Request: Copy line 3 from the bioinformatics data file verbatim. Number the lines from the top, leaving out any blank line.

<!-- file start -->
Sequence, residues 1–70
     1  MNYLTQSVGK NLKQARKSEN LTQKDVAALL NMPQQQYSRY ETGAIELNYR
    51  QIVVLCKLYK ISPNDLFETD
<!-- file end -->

    51  QIVVLCKLYK ISPNDLFETD